Winning stories will be posted on Well done to our successful writers and there’s plenty of time to enter this month’s competition via the same web address.





Six word competition winner named

The team at Inscribe have now judged our free six-word competition. The set-up was ‘It’s the year 2013, add 2, 1 and 3 and you get six, six is the number of words in supposedly the finest flash fiction story ever written For Sale. Baby Shoes. Never Worn (attributed to Hemingway but probably not by him). The challenge is a short story in six words.”

The standard was high but in the end the £50 prize goes to Mark Shadwell for

‘Facebook - daughter found. Friend request rejected’ (because it made us cry)

We also particularly liked

‘Sale. Coffin . Due to time waster’ by Amanda Huggins (because it made us smile)

‘She waits patiently at his grave’ by Erin Gaven (because it made us wonder)
and two from Anita Goodfellow. ‘Congratulations, Mrs Kray. Healthy twin boys’ (because it made us laugh even though we should not have) and ‘Doesn’t Hannah look like her uncle’ (because it‘s naughty!).
* The competition was run on our Facebook page (where are our free poetry one is now running) at

Friday, 2 August 2013

Winner's day

Monday (August 5) is a big day as we will announce the winners of our June Global Short Story Competition (run at and our free six-word flash fiction competition run on our Facebook page at

Thursday, 1 August 2013

All the world's a stage

Stuck for an idea for a story? Well here’s a useful way to get yourself going. Go somewhere quiet, a park on a rainy morning, a riverbank, a street at night, wherever. Clear your mind, let it roam wherever it wishes. Think of the place as a stage and see who emerges from the wings.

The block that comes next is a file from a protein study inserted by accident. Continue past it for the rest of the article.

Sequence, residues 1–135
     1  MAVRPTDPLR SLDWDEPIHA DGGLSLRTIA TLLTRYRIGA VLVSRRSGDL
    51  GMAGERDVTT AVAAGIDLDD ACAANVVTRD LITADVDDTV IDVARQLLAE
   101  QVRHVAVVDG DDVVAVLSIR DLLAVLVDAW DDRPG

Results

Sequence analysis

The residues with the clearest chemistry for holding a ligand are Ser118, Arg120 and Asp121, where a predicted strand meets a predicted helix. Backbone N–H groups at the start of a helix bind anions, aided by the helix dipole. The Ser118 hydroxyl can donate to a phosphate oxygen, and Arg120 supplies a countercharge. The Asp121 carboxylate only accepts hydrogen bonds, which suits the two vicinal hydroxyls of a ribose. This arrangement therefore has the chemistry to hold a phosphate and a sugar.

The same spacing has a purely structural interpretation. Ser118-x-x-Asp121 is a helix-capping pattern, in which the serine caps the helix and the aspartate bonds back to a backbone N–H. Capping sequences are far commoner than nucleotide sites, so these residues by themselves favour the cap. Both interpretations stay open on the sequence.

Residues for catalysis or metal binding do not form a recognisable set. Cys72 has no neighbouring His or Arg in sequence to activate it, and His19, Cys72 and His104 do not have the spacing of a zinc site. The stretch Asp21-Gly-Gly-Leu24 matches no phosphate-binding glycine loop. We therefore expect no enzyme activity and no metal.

Jot down fragments, thoughts, images, words. Why? Because thoughts that flash into your mind at any given time tend to disappear as quickly as they formed.

Focus on your person. Jot down half a dozen details about them. Just fragments. Could be way they move, dress, speak, think or the way they make you feel.

Doesn’t always work but it does more often that not and it’s amazing where the exercise will take you.

John Dean

New short story competition opens for entries

The August Global Short Story Competition has opened for entries from authors across the planet.

Launched five years ago, the competition runs every month with a £100 first prize and a £25 prize for highly commended writers.

Currently approaching £9,800 in prize money handed out, the competition has had

entries from more than 50 countries.
Each month’s competition is judged by Fiona Cooper, an author in North-East England, where the competition’s organisers Inscribe Media are also based. The competition can be entered at

July’s competition has gone for judging and June’s results will be announced on Monday August 5.
* Inscribe Media is also running a free poetry competition at or the Facebook page can be accessed through